Child Foster Care

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Children placed in foster care, or out of home care, experience many difficulties that may not be experienced by children who are raised in their own home. The children in foster care face uncertainty, insecurity, instability, and a lack of control over their lives. The longer a child remains in foster care, the more likely they are to experience multiple placements, increasing the instability they experience. Constantly being forced to change homes can have lasting consequences on the lives of these children. Current Knowledge of the Problem Gharabaghi (2014) states that when a child moves from placement to placement they often will also have to change schools. This leads to chronic instability in the educational life of the child. As the…show more content…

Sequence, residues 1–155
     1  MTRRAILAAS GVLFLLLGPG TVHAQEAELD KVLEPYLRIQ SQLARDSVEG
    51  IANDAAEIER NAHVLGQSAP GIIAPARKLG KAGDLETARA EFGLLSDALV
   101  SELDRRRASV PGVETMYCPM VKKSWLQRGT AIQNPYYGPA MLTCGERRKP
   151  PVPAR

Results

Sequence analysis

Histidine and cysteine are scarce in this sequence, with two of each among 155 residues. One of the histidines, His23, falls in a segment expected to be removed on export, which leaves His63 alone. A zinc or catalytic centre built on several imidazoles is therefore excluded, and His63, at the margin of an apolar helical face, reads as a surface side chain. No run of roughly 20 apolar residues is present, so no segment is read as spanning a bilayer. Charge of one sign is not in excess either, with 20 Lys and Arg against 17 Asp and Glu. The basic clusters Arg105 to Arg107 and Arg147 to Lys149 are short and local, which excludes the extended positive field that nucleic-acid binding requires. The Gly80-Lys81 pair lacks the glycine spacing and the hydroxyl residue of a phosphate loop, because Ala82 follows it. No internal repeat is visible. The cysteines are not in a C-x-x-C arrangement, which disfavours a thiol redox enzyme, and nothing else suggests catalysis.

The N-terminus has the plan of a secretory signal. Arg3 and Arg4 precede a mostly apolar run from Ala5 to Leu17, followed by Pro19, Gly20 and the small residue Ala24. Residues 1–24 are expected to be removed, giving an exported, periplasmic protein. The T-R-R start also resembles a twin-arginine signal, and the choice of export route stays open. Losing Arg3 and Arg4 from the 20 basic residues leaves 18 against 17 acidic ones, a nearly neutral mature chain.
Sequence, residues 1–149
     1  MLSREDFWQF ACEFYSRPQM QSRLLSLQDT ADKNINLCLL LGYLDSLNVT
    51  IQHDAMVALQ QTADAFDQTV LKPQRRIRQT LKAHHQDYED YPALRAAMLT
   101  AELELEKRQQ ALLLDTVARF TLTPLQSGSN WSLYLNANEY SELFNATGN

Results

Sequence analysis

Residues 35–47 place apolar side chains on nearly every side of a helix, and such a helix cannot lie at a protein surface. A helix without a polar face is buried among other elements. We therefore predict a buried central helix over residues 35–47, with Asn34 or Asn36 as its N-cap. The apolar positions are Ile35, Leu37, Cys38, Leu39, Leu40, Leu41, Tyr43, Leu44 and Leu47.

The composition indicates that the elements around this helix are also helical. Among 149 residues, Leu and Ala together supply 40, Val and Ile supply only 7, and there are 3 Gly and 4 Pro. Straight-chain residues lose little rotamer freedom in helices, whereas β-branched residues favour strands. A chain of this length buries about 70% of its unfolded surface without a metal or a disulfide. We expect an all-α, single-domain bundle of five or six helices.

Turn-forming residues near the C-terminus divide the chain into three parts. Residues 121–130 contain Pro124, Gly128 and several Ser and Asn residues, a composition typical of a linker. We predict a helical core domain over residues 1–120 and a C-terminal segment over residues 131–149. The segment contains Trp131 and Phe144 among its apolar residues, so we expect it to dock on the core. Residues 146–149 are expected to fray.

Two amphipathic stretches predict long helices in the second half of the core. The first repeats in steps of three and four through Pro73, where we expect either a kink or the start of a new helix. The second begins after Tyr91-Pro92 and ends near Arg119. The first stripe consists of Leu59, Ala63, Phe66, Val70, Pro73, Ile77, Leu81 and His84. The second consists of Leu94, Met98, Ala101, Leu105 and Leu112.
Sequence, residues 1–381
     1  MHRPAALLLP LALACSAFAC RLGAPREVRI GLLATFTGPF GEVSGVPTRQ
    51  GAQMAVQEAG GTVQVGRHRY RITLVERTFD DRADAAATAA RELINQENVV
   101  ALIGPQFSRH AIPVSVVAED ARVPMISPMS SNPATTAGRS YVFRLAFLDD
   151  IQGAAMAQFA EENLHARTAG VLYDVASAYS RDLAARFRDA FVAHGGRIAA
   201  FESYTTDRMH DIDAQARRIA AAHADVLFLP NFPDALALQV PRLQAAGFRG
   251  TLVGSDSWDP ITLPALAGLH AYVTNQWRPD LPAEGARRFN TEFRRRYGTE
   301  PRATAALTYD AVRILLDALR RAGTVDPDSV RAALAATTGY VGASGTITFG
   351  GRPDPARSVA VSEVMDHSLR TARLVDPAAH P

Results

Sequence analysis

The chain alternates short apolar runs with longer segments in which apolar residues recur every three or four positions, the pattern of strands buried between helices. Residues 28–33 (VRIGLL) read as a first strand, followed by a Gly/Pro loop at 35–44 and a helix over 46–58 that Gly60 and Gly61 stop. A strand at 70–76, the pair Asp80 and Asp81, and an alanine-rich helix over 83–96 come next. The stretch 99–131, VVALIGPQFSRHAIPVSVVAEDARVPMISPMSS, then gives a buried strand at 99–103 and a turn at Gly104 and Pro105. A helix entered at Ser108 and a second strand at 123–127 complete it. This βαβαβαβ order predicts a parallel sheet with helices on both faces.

In 1994, the U.S. General Accounting Office found that one out of every six students had changed schools at least three times by the third grade (Student mobility, 2004). Children in foster care have higher rates of educational mobility. A study by Pecora, Kessler, O’Brien, White, Williams, Hiripi, English, White, and Herrick (2006), found that out of six hundred and fifty-nine foster care alumni, sixty-five percent experienced seven or more school changes. This disruption in the child’s education can have serious consequences. Vacca (2004) points out many of the difficulties that a child may face when they start a new school. There are typically delays in registration, delays in the beginning of any needed remedial services, and many times a student is placed in the wrong courses due to incomplete school records (as cited by Allen & Vacca, 2010). Along with incomplete records, many students fall behind because curriculum and teaching methods vary from school to school (Mehana & Reynolds, 2004). This can lead to a child missing part of the course information because the school they left hadn’t covered it yet, but their new school has already taught it and moved on. Schools do not operate on a standard curriculum, and it is unlikely that different schools will be teaching the same thing at the same time. Each time a student has to change schools during the year, they are likely going to have missed portions of the curriculum. For a child who moves once over the course of their education, this can easily be compensated for. However, for a child in foster care, who is often moved between schools, this will lead to missing more schooling than they are able to catch up on. A study by Chambers and Palmer (2011), states that children lose approximately four to six months of school progress with each change of school. If a child moves more than once

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